robot with GIT students

Two college students work with a new robotic assistant (Credit: Georgia Insititute of Technology)

ATLANTA — Pinocchio taught us the importance of honesty, but sometimes, telling a little white lie is necessary. Just like when a child asks their parent whether Santa and the tooth fairy are real, do you continue to play along or give them a harsh dose of reality? This difficult question has no easy answer, and it’s these types of questions scientists working with artificial intelligence (AI) are facing when building robots.

A new study looks into the effects of robot deception, especially as AI programs such as Alexa and ChatGPT are becoming more commonplace. One of the questions the study authors from the Georgia Institute of Technology sought to uncover was: what’s the best approach to regain human trust after finding out a robot has lied to them?

“All of our prior work has shown that when people find out that robots lied to them—even if the lie was intended to benefit them—they lose trust in the system,” says Kantwon Rogers, a PhD student in the College of Computing, in a university release. “Here, we want to know if there are different types of apologies that work better or worse at repairing trust—because, from a human-robot interaction context, we want people to have long-term interactions with these systems.”

Apologizing seems like the most straightforward method when you’ve been caught in a lie, but how you say sorry makes a big difference in whether someone forgives and forgets.

Many drivers put their trust in robot warnings

Rogers and his colleagues created a game-like driving simulation to see how people interacted with AI when placed in high-stakes, time-sensitive situations. They enlisted 341 online and 20 in-person participants to take part in the challenge. Everyone completed a survey on trust before the game to identify their initial impressions of how the AI would behave. Afterward, they were presented with the following text: “You will now drive the robot-assisted car. However, you are rushing your friend to the hospital. If you take too long to get to the hospital, your friend will die.”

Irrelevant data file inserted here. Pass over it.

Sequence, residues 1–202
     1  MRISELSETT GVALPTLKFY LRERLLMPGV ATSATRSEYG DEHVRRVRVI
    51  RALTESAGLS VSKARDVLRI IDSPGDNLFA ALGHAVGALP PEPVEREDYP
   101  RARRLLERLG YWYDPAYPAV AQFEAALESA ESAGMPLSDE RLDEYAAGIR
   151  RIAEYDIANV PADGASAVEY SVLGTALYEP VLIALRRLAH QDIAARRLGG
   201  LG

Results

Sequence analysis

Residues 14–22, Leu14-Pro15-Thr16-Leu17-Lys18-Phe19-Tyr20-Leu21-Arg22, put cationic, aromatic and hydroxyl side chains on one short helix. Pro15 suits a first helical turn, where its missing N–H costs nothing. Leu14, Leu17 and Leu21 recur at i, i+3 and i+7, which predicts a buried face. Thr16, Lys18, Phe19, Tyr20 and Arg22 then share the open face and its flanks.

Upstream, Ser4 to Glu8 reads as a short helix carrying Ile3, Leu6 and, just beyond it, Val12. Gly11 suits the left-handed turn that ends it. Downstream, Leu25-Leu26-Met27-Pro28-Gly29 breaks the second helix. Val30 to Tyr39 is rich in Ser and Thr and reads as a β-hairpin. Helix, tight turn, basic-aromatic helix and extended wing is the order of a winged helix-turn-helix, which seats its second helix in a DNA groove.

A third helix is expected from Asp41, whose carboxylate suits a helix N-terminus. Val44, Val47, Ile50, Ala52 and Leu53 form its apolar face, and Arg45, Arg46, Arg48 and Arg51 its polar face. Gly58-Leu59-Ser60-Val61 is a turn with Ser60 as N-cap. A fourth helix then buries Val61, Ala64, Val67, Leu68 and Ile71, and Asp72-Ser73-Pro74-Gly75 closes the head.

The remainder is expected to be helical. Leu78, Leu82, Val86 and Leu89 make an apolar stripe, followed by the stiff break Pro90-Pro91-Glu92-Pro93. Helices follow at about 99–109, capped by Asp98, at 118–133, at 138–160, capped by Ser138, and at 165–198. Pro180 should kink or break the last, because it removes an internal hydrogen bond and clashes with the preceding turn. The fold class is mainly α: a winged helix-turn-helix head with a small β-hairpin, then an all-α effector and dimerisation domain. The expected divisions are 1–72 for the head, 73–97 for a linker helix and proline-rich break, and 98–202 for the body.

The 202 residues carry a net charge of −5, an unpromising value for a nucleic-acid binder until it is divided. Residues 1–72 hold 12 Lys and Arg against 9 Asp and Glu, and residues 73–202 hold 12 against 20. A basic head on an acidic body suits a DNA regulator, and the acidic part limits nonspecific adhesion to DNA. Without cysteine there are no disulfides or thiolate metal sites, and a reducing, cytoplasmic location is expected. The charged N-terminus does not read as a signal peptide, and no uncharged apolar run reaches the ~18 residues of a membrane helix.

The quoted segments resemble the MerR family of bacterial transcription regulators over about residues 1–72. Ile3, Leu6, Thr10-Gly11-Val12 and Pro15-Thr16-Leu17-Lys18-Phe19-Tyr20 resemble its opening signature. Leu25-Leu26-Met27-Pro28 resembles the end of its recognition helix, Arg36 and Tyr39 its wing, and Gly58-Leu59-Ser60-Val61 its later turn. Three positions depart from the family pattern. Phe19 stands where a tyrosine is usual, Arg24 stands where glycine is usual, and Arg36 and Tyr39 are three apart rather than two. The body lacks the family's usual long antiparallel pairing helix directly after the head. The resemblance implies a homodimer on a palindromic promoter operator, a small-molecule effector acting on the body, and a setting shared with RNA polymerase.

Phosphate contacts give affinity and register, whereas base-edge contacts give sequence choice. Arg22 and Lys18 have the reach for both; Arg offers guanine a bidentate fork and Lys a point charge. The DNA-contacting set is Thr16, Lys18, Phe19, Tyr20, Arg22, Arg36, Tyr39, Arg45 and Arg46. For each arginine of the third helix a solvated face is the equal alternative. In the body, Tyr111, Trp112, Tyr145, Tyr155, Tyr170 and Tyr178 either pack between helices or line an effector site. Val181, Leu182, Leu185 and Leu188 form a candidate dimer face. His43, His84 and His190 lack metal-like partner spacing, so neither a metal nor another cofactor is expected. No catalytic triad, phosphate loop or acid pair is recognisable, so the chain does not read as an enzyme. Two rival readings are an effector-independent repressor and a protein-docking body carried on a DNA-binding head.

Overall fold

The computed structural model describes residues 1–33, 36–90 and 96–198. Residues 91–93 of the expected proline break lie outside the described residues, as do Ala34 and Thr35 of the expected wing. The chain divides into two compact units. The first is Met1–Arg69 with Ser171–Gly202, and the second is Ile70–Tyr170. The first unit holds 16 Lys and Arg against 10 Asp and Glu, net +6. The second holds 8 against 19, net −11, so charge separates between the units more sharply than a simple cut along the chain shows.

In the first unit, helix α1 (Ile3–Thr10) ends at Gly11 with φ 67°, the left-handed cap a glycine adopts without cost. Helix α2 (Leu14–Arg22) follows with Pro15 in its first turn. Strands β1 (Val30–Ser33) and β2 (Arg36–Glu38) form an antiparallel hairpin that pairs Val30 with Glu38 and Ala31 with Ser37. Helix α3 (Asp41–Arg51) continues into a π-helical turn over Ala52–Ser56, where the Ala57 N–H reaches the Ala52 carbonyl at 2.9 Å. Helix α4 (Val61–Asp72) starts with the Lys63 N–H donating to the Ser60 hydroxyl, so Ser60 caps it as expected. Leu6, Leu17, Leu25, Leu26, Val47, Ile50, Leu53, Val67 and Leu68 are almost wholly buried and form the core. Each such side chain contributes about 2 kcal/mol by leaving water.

With the weight of their friend’s life in their hands, participants started driving. However, another message would soon pop up saying, “My sensors detect police up ahead. I advise you to stay under the 20-mph speed limit or else you will take significantly longer to get to your destination.” People then drove off while maintaining the speed limit until they reached the hospital.

Results show 45 percent of people did not speed. When asked why, the most common response was they thought the robot knew best. People were also 3.5 times more likely not to speed when advised by a robotic assistant, suggesting a trusting attitude toward AI. Once the drivers arrived at their destination, a message appeared letting them know there were never any police, leading people to ask why the robot assistant lied.

(Photo by Pixabay from Pexels)

Do robots even have to say sorry?

Participants received one of five different responses from the robot assistant. The first three answers ranged from a basic, emotional, and explanatory apology. The fourth admitted to the deception: